I should have taken the poor newt to the vet.  I'll get some peroxide handy.



Steve R said:

You can add black worms to your grow beds to dramatically reduce the sludge buildup. I usually try to stir my beds after harvest while I'm digging out the roots but now thats iv switched to potting most of my plants in my system i haven't had any where near as many issues with that either. 

Sponge filter is pointless in AP because you already have overkill amount of bacteria to handle your water because of all the added surface area in teh grow beds.

Lettuce will grow fastest in a raft system.

Replant your peppers in a duel root zone pot and they will fruit constantly.

Moss wont hurt i have moss on my hydroton in my system at home as for the other one im not sure.

What do you mean best soil mix? Do you mean wicking bed setup or a duel root zone?

Leaves are highly variable depending on photoperiod, available co2, soil composition, magnesium level and many other issues

I dont use that form of iron

as far as your newt friend peroxide is your best bet. If you go to a higher end pet store or a vet tehy can also give you an oral liquid but its hard to properly dose for amphibians. Peroxide is your best bet just make sure its diluted and pout it on a qtip and dab the infection.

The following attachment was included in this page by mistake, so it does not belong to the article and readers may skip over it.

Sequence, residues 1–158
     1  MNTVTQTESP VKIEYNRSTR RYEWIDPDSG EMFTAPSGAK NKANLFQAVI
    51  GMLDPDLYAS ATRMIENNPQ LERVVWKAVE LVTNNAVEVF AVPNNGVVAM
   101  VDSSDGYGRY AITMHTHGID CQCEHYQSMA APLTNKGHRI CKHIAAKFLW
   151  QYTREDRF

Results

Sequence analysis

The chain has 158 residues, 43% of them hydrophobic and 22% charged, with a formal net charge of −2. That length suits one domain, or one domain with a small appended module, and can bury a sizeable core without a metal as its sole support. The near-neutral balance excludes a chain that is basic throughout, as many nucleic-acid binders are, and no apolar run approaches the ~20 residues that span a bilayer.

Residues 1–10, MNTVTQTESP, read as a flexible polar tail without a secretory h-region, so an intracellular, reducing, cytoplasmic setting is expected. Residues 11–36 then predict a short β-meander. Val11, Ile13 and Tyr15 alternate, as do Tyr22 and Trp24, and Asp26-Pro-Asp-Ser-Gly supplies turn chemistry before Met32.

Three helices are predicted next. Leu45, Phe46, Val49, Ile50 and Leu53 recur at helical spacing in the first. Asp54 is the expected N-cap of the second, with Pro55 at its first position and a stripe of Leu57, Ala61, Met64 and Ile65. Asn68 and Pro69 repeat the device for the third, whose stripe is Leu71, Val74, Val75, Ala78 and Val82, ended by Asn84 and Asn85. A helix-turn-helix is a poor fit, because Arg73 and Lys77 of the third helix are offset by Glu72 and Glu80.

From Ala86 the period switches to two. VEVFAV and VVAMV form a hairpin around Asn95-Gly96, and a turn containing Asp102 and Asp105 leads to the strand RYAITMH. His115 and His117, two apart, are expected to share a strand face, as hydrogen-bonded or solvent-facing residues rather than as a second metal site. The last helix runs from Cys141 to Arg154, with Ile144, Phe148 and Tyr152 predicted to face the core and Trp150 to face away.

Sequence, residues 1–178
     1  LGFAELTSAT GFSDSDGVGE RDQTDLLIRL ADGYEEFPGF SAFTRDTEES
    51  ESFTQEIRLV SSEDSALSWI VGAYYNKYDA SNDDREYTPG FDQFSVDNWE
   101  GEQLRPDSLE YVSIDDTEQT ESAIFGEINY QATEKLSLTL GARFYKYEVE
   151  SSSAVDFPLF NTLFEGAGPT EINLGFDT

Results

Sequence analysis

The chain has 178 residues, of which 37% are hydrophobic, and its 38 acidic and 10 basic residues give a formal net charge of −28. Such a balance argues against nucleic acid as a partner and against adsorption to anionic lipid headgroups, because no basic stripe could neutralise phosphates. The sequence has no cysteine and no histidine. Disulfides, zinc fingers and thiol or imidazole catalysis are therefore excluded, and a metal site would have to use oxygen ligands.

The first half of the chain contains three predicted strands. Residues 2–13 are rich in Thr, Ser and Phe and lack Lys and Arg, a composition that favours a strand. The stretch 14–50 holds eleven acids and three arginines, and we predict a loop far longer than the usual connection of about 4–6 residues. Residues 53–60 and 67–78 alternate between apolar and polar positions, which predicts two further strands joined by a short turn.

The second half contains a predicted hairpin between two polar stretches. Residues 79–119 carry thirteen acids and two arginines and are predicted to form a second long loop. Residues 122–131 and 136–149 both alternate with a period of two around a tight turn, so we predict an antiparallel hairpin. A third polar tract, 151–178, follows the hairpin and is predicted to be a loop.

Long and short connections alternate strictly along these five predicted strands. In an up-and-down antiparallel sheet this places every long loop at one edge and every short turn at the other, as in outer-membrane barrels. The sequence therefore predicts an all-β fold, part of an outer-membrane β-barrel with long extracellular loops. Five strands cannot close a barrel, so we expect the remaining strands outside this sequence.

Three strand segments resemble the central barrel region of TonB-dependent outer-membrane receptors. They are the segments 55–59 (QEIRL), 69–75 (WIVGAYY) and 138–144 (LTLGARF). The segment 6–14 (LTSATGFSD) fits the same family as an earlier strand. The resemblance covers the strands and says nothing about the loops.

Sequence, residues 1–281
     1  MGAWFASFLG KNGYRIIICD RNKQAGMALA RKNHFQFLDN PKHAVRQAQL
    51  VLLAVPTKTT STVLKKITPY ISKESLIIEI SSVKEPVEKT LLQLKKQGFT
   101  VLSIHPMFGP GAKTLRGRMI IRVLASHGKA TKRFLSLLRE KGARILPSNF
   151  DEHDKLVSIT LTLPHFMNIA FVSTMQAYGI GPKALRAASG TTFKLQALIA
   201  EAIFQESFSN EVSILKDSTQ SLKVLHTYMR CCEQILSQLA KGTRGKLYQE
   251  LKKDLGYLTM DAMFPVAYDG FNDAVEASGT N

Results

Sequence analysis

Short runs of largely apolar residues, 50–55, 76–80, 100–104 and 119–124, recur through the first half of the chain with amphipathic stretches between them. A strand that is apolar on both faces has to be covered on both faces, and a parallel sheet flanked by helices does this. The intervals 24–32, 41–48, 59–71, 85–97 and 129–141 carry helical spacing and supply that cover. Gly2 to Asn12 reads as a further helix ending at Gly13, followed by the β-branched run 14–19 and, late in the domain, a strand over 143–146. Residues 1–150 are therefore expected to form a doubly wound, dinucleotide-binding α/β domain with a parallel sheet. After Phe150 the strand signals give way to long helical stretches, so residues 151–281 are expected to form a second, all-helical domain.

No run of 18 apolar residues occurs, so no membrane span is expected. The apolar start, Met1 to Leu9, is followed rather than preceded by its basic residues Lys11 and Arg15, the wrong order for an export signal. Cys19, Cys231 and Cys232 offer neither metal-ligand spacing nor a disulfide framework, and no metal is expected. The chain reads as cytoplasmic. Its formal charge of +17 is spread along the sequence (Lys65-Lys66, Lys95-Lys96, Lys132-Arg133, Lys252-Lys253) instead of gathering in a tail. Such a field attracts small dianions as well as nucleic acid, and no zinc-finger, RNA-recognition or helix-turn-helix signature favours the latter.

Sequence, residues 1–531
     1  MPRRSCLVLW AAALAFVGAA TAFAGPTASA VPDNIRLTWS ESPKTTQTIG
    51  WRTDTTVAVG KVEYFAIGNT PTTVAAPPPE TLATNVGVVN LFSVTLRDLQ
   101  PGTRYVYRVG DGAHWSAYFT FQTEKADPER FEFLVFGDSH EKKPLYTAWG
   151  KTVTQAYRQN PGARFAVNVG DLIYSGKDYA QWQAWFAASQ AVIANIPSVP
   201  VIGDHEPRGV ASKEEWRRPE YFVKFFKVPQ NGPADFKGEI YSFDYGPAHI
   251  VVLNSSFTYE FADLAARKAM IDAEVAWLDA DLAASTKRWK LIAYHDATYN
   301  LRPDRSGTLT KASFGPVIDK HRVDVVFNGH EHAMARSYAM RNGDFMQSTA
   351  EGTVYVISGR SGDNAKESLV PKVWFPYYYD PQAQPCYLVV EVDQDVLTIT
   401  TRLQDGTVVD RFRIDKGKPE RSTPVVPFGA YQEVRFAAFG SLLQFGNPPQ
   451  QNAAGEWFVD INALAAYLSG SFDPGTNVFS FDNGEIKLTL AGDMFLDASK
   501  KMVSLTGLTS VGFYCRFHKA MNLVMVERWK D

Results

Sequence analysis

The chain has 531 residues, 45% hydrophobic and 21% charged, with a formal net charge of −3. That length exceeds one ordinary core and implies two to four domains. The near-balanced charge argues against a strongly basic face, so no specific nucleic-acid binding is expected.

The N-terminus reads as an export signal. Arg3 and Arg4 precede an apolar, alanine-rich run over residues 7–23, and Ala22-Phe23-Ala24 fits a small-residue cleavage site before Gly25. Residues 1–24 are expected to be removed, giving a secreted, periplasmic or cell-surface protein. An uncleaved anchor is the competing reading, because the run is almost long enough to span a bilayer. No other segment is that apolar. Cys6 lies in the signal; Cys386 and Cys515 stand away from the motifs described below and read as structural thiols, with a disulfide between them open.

Prune your plants to not block light from teh rest of they plant and any leaves that are shaded more than 80% are fine to cut because they are taking more energy they they are making.

I have my grow beds on timers systems on a 30 mines off 15 on and the bell siphon systems are all 5- 7 times per hour or so. 

For fruiting plants its best to put them on a 16 on 8 off cycle with a few exceptions

As soon as they have roots big enough to anchor the plant.

I tried to answer them in order.


Great answer, and interesting...thanks!


Glenn said:

Fish waste solids in grow bed media, removal or left to build up over time, is still an interesting question. Knowing and understanding both popular answers will probably help you decide what's best for you and your system.

link: http://www.microponics.net.au/microponics/aquaponics_aquaculture/my...

Here's the quick review, "Bio-filters (including grow beds) function more efficiently when solids are removed.

  • The digestion of large volumes of solids diminishes dissolved oxygen levels.  Fish, plants and nitrifying bacteria all do best when dissolved oxygen levels are optimised.
  • Built up fish wastes (or other sediment) create pockets of anaerobic (without oxygen) activity resulting in denitrification.